See the blue rectangular area?
Well, if you look… there was one bar that told me this thing could run up even higher.
Now, I actually had a plan in place and was watch some key areas within that blue area. Basically, I was watching BTCS, and if it broke below a key area… I knew that these Bitcoin plays were losing some steam, and I should get out.
Throw the “Don’t Frown, Double Down” Mentality Out the Window
Well, some traders aren’t actually looking for these levels. More times than not, if they don’t have a plan… and the stock is moving against them… rather than stopping out and take a small loss…
… they end up doubling down. In other words, they buy more shares as the stock is moving against them. In their minds, they’re probably thinking, Well, I have a better average price and if the stock runs up… I’ll make so much money.
However, what typically ends up happening is they take on too much risk… and once the stock breaks below a key area on the chart… the floodgates of sellers and short sellers come in… increasing the supply of the stock.
Thereafter, they take too much pain and realize they’ve destroyed their accounts and were left with the bag.
Now, if you were trading Bitcoin stocks and doubled down instead of stopping out… well you would’ve been a bag holder.
For example, Bitcoin was approaching a key level at the time, and if it broke below that… and who knows, this thing could continue selling off and get back to $3,000.
Sure, I traded BTCS (a Bitcoin-related stock)… but when it pulled back… I didn’t continue to double down to get a better average price.
I actually stuck to my plan, saw the stock break below one of the levels I spotted… got out of the trade, only to watch not only Bitcoin to break down and approach the $10K level…
… causing BTCS falling further from where I stopped out and approaching a key support level… If it breaks below that, well who knows where BTCS would be… so I’m glad I stuck to my plan and took a small loss.
Have Stop Losses in Place
Now, you’re probably wondering how you can develop a trade plan…
It’s actually pretty simple.
First, have a reason you’re getting into a stock and identify key levels where you would buy and add the stock.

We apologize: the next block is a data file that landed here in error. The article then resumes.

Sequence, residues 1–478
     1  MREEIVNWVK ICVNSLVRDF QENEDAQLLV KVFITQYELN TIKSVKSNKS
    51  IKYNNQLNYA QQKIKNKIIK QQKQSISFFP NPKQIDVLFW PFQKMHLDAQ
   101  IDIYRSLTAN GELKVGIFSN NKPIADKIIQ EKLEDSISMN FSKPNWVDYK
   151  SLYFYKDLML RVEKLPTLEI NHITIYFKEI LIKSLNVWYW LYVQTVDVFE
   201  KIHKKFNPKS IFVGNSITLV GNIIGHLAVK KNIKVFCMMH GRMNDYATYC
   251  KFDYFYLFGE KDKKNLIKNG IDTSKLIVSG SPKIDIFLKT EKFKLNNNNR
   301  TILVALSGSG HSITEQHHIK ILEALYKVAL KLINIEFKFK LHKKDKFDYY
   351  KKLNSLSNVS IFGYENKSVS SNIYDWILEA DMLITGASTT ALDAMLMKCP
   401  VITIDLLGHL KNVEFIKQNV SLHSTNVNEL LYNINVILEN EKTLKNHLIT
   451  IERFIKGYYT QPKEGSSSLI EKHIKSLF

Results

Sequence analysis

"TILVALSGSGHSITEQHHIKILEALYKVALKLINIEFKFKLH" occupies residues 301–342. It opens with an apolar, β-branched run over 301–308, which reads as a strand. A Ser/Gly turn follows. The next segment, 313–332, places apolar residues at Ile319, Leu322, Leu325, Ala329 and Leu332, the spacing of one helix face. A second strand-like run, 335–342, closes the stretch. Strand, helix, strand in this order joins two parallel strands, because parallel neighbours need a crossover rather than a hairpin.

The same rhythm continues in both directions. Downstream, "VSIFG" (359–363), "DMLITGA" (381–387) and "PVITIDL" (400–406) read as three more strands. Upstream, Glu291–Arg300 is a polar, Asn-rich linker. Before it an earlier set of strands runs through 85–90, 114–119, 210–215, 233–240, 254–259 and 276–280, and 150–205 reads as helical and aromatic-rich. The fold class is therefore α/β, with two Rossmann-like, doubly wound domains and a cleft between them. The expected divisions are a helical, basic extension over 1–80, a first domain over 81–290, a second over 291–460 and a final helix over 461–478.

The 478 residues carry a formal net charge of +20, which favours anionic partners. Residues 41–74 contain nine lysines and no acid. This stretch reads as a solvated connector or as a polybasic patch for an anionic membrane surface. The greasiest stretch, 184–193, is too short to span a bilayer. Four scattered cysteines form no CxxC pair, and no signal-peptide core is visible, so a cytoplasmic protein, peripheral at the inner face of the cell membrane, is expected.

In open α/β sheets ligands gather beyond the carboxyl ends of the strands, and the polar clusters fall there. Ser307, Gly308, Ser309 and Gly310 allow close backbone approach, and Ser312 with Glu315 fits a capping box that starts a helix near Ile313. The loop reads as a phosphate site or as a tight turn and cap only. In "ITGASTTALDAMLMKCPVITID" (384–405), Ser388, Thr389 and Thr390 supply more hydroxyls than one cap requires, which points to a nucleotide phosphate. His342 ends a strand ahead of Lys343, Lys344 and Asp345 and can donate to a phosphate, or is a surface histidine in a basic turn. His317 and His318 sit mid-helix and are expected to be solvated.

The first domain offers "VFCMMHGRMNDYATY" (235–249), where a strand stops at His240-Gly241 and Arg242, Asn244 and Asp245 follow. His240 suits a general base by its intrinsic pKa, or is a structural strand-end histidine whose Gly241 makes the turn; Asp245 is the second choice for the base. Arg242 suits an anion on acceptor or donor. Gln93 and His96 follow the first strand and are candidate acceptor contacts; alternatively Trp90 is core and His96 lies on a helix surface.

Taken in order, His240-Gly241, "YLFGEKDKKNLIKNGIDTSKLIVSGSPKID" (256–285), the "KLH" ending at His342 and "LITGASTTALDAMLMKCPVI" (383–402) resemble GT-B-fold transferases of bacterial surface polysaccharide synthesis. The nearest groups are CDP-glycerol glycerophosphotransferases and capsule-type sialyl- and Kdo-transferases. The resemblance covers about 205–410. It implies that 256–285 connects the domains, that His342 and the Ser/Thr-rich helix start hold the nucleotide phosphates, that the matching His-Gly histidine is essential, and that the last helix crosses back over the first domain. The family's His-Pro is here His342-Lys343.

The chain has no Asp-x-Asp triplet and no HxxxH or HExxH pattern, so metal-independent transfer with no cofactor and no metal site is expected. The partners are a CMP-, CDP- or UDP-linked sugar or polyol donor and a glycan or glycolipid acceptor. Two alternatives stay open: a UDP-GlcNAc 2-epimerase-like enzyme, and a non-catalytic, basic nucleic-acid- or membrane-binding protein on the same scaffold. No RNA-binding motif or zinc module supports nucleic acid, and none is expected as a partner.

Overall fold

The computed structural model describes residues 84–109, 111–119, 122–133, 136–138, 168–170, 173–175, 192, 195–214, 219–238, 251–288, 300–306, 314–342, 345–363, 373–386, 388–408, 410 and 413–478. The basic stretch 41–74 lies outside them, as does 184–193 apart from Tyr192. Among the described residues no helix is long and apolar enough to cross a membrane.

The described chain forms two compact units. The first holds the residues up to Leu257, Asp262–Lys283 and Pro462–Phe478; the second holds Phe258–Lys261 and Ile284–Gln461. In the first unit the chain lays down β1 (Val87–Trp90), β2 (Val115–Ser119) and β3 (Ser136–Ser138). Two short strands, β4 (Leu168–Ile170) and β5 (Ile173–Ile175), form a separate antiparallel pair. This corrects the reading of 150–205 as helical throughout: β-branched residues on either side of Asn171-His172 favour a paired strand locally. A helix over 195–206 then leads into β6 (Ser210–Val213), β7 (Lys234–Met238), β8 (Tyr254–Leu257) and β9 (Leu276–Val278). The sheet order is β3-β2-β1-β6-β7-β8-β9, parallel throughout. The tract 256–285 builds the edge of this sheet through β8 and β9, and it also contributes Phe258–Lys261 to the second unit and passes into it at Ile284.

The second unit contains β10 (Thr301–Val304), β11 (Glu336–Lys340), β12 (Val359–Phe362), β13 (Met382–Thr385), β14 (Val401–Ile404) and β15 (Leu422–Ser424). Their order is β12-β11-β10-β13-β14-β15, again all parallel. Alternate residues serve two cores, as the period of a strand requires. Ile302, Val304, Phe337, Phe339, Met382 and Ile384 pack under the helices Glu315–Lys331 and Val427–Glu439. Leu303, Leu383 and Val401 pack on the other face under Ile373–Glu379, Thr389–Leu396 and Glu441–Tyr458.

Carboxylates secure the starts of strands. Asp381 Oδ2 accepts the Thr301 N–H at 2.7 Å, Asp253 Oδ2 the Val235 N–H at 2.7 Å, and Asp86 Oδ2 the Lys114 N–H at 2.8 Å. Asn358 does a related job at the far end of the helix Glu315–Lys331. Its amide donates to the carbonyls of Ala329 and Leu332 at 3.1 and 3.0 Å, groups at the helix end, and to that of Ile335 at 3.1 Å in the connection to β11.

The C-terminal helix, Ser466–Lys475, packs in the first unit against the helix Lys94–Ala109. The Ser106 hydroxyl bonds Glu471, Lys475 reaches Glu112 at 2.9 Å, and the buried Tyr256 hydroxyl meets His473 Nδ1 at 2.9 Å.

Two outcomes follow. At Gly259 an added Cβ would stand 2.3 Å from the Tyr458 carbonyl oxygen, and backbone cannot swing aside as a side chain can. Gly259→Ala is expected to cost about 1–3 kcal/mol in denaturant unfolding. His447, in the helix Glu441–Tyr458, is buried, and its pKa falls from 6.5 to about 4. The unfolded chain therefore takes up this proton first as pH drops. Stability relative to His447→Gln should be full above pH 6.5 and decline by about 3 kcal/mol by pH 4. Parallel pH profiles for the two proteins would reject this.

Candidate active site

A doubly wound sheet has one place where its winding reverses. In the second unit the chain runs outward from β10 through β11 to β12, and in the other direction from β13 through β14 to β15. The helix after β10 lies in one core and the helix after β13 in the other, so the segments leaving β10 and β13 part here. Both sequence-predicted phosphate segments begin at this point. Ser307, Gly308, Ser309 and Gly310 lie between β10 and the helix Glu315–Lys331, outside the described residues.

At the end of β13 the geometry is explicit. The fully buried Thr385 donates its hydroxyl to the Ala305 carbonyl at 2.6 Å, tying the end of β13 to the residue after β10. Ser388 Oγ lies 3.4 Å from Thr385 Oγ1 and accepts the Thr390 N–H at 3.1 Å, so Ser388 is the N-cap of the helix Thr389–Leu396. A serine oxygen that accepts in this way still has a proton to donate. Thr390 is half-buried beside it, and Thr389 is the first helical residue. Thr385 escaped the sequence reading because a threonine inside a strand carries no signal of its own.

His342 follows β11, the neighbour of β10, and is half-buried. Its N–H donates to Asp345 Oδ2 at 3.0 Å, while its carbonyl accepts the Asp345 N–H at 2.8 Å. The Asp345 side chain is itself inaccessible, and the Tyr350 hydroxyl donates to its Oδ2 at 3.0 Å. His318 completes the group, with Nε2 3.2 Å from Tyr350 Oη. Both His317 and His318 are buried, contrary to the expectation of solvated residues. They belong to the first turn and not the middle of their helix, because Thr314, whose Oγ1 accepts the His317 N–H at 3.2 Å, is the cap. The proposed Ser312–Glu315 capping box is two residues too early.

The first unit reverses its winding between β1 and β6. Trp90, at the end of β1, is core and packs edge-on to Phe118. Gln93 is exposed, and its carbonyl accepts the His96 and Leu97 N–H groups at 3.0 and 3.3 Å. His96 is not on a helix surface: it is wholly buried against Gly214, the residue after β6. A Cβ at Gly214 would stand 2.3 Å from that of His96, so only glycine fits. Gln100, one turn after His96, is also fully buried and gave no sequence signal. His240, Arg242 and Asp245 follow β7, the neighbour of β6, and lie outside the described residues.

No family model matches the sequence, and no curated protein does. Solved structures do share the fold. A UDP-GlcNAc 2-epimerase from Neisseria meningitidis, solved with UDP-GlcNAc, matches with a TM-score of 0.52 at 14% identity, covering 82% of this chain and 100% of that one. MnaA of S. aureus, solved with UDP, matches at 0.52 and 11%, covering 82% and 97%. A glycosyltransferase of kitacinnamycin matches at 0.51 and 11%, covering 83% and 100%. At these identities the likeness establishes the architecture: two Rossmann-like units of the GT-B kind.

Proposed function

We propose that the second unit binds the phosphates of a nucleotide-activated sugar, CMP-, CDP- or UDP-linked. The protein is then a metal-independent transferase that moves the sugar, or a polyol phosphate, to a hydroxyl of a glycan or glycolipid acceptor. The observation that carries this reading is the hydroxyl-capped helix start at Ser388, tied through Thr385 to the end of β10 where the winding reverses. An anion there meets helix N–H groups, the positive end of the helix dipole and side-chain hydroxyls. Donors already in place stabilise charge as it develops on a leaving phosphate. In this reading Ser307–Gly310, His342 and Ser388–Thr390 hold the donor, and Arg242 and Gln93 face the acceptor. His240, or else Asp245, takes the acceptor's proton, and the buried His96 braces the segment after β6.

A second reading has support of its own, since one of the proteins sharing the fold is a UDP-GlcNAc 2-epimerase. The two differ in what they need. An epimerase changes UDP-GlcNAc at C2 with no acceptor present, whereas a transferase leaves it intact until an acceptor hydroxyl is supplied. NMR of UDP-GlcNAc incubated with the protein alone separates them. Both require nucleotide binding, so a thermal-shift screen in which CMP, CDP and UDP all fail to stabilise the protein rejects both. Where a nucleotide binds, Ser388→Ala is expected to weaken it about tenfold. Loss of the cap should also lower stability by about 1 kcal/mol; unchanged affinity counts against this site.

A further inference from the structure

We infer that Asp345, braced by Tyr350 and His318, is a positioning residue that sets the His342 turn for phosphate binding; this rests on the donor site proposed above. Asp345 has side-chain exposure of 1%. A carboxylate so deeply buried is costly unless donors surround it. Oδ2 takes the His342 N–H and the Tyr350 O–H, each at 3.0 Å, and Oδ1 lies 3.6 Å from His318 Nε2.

Thereafter, look for an area where you are comfortable stopping out below. For example, maybe you can use a key support level. Now, you can actually place in your stop order ahead of time so you don’t have to deal with the emotions and figuring out whether you should double down.
More specifically, you could place a stop-limit order. For example, if you’re trading a penny stock and you bought shares at $1.00… and you’re willing to give this stock 10% to the downside (assuming you properly allocated your risk and didn’t max out your account on this one trade).
Well, you could place good til’ canceled (GTC) stop-limit order with a trigger price at say $0.95. In other words, your limit order won’t become live unless the stock trades at $0.95 or lower. Thereafter, the limit order can be placed at $0.90 (10% from where you bought).
Now, if the stock traded at $0.90, you would automatically sell your position… and you would just take a small loss in relation to your account size. No emotions, a quick and painless loss… and you’re on your way to finding new trades after.
For example, after I took some small losses in some Bitcoin trades… I was able to get back on the horse, and find trades like this…
You see, it’s okay to take small losses. What’s not okay is doubling down and being a bag holder. If you take a small loss, you live to trade another day… If you want to learn how to build your account and avoid “bag holding” situations, then you’ll want to check out my 5-step plan here.